Richard Bland, president of Hunneman Investment Management Company, Boston, says that ''anyone with empty apartments right now is able to keep them rented.''

The growth in the number of American households is significant factor. Mr. Bland cites a Hunneman study which found that, while the population in the area between Cape Cod, Mass., and Narragansett Bay, R.I., has grown by 10 percent over the past decade, housing units have increased 26 percent.

He acknowledges that in tight economic times, individuals do tend to rent together or live with parents longer. He says the tendency to disperse is the overall trend, however, and he expects the trend to continue, expanding the need for apartments and smaller housing.

Not everyone agrees with this outlook. James O'Brien, of General Investment Development Company and president of the Rental Housing Association of the Greater Boston Real Estate Board, says that there are too many financing problems to make the mid-range apartments a viable investment.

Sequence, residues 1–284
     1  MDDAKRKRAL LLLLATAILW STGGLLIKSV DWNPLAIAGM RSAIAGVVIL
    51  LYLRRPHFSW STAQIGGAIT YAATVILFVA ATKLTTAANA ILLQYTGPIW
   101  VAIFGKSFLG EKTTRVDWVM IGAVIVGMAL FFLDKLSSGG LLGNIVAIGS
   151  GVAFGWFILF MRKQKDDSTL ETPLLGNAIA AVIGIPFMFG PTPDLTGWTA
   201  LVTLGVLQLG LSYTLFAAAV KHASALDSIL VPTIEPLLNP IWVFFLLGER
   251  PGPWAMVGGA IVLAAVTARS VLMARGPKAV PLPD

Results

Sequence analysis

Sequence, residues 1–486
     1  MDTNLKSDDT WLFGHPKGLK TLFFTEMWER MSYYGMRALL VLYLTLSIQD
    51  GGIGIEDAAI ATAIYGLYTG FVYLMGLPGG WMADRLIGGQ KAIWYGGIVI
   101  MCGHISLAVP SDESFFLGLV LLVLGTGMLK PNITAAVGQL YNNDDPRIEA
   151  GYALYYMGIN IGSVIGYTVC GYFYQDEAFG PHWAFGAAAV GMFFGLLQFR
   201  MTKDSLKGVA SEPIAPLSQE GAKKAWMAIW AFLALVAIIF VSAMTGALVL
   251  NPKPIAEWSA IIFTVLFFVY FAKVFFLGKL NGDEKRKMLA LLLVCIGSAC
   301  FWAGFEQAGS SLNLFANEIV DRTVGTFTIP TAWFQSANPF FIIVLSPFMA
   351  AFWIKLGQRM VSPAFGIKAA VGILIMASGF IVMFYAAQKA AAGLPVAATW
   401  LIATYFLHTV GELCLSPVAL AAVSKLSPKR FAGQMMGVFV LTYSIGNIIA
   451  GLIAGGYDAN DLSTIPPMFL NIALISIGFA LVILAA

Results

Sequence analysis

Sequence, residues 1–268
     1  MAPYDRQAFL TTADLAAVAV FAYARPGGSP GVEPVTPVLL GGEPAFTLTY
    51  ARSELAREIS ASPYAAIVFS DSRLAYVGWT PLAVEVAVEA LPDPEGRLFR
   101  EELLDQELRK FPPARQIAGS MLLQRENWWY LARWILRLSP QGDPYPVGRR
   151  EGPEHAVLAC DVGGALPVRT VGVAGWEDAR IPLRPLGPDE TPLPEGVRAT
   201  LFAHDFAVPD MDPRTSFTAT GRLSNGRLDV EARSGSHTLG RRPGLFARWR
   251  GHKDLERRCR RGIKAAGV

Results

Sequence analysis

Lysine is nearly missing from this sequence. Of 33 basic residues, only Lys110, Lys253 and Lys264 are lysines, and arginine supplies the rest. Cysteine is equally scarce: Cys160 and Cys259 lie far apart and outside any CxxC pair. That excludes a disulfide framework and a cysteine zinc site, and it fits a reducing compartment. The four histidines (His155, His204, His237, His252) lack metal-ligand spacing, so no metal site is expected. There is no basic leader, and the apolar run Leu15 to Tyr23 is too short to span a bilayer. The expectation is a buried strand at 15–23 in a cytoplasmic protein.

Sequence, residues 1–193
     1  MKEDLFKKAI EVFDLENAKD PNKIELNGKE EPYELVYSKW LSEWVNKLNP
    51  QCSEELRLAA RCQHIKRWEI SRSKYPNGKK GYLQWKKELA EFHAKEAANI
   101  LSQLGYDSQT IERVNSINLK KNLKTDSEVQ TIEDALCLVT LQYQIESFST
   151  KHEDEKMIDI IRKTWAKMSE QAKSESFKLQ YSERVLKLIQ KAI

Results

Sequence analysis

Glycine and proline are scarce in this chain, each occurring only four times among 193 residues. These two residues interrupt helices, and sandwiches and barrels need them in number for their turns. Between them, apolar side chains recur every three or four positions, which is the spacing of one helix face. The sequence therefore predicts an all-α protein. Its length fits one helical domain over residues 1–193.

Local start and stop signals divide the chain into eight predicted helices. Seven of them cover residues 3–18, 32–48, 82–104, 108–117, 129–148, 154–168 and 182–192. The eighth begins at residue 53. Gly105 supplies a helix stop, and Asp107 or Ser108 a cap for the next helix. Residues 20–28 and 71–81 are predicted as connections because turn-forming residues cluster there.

Mr. O'Brien points out that the Greater Boston area now reports a vacancy rate of about 8 percent, much of it in the mid-range units. This is partly due to declining college enrollments in the area. Those students who do rent usually double or triple up. Also, fewer people have been coming to the Boston area to work because of a slowdown in the high-technology industries.

Too, from the average consumer's viewpoint, there is an ''arbitrary rent'' beyond which, O'Brien suggests, most are unwilling to go.

''You have to pay too much to rent a decent unit,'' he says. And, if interest rates do continue to decline and the economy improves, ''I don't see that you can put anything up that people will be willing to live in if you have low interest rates and they can buy.''

Nevertheless, according to Robert Gough, an analyst with Data Resources Inc., Lexington, Mass., rental units are going to become more attractive to consumers because home prices will not be increasing at the rate they did during the '70s, which was an exception to the long-term rate of increase in home values. Therefore, he adds, the outlook should continue to brighten for the interested developer.